Amara Raja Batteries Ltd has laid out a strategic initiative to transform into a new energy and mobility solutions provider. Under this plan, it aims to maximize value in its core lead-acid battery business and double its revenue CAGR to 15-17% in the next five years. CAGR stands for compounded annual growth rate.
Also, it would foray into the new energy business by investing in lithium-ion battery technology and related solutions like electric vehicles (EVs) charging products. The company is looking at a global technology partner to set up a lithium-ion plant under the production-linked incentive (PLI) scheme.
For investors in this stock, lower investments in research and development, and expertise in lithium-ion technology has been a key concern. Given the increasing penetration of EVs, demand for lithium-ion batteries is likely to outpace lead-acid batteries by 2025. Against this backdrop, analysts said, the company’s intent is right, but there are risks, particularly in the new energy segment, that could weigh on the success of its plan.
“Despite the company looking for a partner in the lithium-ion technology space, it is far behind in terms of scale and technological know-how versus the big global players,” said analysts at Kotak Institutional Equities in a report on 15 June. “We see limited benefit for global players to partner with the firm for jointly setting up giga factory and sharing expertise,” they said.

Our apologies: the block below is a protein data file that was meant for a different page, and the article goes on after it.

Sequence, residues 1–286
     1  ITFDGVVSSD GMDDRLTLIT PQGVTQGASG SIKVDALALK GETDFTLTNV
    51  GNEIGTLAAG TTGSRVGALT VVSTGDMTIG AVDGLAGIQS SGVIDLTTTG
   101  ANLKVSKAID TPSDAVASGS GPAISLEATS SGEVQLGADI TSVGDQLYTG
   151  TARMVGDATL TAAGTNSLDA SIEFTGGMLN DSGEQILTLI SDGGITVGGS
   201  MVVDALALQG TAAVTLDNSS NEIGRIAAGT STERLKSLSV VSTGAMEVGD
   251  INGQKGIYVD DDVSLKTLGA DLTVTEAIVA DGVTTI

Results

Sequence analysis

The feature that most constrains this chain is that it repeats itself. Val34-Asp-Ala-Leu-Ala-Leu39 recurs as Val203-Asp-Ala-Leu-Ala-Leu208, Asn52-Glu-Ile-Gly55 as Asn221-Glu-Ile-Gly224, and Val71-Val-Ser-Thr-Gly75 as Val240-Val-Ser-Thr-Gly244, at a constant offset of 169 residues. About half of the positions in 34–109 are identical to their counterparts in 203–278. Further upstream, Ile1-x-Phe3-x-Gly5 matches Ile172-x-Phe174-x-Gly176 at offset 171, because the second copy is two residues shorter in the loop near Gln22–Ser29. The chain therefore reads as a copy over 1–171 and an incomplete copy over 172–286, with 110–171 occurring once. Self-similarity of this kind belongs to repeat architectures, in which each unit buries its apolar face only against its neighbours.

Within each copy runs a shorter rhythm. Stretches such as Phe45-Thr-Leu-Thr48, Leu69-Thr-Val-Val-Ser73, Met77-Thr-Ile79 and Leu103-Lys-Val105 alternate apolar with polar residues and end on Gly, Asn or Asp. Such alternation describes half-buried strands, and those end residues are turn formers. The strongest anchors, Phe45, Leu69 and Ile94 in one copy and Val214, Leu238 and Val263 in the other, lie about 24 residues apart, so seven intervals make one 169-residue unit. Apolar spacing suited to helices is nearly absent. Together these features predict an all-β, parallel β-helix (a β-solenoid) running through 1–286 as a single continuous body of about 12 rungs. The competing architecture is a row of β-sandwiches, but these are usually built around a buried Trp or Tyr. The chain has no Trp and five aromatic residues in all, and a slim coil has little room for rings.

For lithium cell manufacturing, the management said it was targeting 8-10 gigawatts capacity to attain global competitiveness. This will require investments of $0.8-1 billion over 5-10 years. The management does not expect challenges to fund this capex and would meet the requirement via free cash flows from its core business and debt.
Note, to remain cost-competitive, it may see higher capacity addition in lithium batteries in the initial years than demand due to the PLI scheme, and this may impact the company’s utilization levels. Large investments for setting up battery manufacturing capacities could also lead to dilution of return on equity.
Furthermore, the management said the biggest concern is demand risk in India, so it wants to remain globally competitive to keep its export options open.
“It is unlikely that Indian players will be cost competitive on a global scale, where industry leaders make very low margins and costs are much lower in markets like China. Thus, there is a risk that return ratios can get depressed even though the lead acid business may continue to perform well,” analysts at Nomura Financial Advisory and Securities (India) Pvt. Ltd said in a report on 15 June. Nomura has not built in any upsides for the stock from the lithium-ion business as the management has so far given a broad overview of its intent. Meanwhile, reacting to these developments, the stock fell nearly 2% on Wednesday. So far in 2021, it has fallen 16% underperforming peer Exide Industries Ltd’s stock, which is flattish on a year-to-date basis.
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